With the fatherless crisis on the rise, young students are trying to find parental guidance in other forms. Often that strong guiding hand can be seen through their coach. Eugene Robinson, 16 year veteran of the NFL and high school athletics coach has seen this first hand
“Can you imagine not having God to be the father of Adam, Eve, and humanity? Can you imagine a kid growing up without a dad?”
Nearly 70% of youth, and young adult coaches across America are male. So when a father leaves the home, and kids struggle to find direction, coaches are often fill that vacated role.
“When dads abdicate their role as father and take themselves out of the house, they leave a major void. Now you’ve asked kids to fend for themselves. I believe it is unfair to ask someone young to fend for themselves. To go ahead and be guided, and try to make the right moves and the right steps as a kid, without having a blueprint to do it.
“People are looking for direction, and for men, the greatest office you will ever have is giving your child direction.”
Eugene experiences the opportunity to reach troubled kids each day, and presses other coaches to recognize their impact on the development of the American youth.
“Coaching and teaching are ministries. You gotta believe that, you gotta be called to be a coach.”
“I am with kids every single day. I am with their issues every single day. I had a senior track athlete whose parents are going through a divorce. He’s trying to provide for his younger siblings while his parents are struggling. I told him if you need time off, if you’re having a bad day, let coach Rob know. You need to pray? Let’s do that. I take my role as a high school coach very seriously because you get the chance to minister, and speak into the lives of kids, who may not have anything spoken into them at home.”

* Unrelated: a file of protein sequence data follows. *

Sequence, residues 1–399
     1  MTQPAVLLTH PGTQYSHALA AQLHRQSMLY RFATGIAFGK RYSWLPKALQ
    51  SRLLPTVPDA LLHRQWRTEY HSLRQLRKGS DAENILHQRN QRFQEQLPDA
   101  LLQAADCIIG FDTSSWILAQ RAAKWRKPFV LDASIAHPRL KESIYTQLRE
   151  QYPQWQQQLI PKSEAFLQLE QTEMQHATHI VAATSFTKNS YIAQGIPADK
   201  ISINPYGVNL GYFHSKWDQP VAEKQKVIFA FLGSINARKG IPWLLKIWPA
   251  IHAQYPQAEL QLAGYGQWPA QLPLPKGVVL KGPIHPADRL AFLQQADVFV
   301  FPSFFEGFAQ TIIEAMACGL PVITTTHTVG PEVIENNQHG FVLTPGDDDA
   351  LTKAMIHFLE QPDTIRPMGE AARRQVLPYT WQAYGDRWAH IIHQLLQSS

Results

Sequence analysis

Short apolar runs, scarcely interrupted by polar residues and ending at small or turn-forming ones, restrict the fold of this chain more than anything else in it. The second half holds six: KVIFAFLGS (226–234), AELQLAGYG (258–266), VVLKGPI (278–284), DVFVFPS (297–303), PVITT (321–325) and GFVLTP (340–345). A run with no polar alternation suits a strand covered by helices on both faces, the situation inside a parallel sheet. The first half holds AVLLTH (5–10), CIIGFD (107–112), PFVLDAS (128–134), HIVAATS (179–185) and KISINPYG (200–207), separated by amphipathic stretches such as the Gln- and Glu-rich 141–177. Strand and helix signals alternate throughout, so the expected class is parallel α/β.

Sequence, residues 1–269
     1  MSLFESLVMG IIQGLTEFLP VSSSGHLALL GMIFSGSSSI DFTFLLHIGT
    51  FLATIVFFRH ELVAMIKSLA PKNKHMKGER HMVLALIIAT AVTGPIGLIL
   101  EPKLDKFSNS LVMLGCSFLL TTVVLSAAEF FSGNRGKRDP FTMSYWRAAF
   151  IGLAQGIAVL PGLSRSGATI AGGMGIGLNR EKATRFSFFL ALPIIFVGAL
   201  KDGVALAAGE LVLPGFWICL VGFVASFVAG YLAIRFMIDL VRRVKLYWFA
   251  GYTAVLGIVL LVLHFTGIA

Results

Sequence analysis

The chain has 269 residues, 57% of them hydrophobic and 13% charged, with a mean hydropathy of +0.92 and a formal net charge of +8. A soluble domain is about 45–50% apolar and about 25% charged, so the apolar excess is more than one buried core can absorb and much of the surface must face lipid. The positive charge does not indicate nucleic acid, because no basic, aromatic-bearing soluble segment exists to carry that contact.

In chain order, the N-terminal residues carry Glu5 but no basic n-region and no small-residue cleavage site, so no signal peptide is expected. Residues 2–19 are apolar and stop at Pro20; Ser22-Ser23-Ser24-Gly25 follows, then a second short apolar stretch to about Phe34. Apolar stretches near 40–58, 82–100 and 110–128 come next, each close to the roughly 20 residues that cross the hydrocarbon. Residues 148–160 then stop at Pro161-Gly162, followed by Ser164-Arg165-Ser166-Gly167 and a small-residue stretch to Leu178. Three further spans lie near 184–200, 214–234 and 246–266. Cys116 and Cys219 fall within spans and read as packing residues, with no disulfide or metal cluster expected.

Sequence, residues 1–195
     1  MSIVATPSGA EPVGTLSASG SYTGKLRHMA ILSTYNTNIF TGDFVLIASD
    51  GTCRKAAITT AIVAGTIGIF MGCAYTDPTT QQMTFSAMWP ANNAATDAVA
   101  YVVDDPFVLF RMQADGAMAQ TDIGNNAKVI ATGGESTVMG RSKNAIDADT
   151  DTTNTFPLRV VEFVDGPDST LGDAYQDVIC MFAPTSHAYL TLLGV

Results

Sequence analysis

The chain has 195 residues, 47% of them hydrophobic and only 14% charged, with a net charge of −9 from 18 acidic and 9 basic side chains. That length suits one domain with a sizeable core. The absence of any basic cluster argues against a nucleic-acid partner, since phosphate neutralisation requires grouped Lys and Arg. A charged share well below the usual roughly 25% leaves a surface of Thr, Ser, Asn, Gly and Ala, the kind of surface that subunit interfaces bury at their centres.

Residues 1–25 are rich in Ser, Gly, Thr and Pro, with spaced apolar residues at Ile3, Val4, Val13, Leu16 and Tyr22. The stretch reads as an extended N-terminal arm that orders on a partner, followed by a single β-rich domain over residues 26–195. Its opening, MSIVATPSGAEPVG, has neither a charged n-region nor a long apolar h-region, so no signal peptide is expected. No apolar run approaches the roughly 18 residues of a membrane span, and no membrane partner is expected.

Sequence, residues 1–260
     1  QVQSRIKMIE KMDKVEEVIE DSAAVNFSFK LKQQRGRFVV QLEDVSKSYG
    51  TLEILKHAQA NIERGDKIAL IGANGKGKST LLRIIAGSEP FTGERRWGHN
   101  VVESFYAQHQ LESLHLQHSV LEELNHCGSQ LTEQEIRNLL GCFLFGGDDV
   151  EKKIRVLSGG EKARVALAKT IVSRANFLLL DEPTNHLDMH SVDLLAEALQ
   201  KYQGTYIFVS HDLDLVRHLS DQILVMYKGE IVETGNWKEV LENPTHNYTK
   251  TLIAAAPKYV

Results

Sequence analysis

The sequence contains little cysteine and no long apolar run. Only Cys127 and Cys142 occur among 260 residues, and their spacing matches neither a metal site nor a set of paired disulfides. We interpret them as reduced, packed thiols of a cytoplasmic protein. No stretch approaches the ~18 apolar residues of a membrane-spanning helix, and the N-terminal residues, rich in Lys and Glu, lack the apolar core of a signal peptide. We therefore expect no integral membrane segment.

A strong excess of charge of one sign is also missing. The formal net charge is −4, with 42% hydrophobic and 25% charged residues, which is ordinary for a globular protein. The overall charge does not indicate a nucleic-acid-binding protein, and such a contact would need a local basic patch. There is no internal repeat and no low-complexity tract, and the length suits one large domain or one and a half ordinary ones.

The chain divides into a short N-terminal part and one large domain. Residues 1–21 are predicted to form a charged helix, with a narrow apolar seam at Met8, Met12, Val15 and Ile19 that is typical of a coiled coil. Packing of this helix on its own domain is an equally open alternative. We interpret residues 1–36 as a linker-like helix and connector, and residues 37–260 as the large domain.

“I’ll tell you the story of another kid, who was trying to get a job but he was a big, black kid. He was really intimidating looking. He’s trying to get a job so that he can afford the bus home. He had to take 3 buses to get home each day. He lived 30 minutes away. I talked with him, and I offered to drive him home, but none of that is the issue. The issue was that when I offered, he asked me, ‘Why do you care? Nobody cares about people like me. Nobody cares.’ I bought him food, and he refused to eat it because he wanted to bring it home for his mother.”
“It’s heartbreaking that he would ever be in that situation, but kids are, and each day I have the chance to do something about it.”
The father’s role in the family isn’t an optional benefit, it’s a necessity. Biblical manhood demands it. But when fathers fail, it’s up to the community to step in. Many of us can share the names of coaches who helped us through hard times. In this day and age of fatherless families, coaching is an opportunity to minister to lost kids even more than it is teaching them to throw a ball.
Eugene Robinson is a former professional football player who played free safety. In his 16-year NFL career, Robinson played for the Seattle Seahawks, the Green Bay Packers, Atlanta Falcons, and Carolina Panthers. He won Super Bowl XXXI with the Packers over the New England Patriots. Eugene is the color commentator for the Carolina Panthers, and coaches high school football, wrestling, and track in North Carolina.Coaching is a Ministry - Eugene Robinson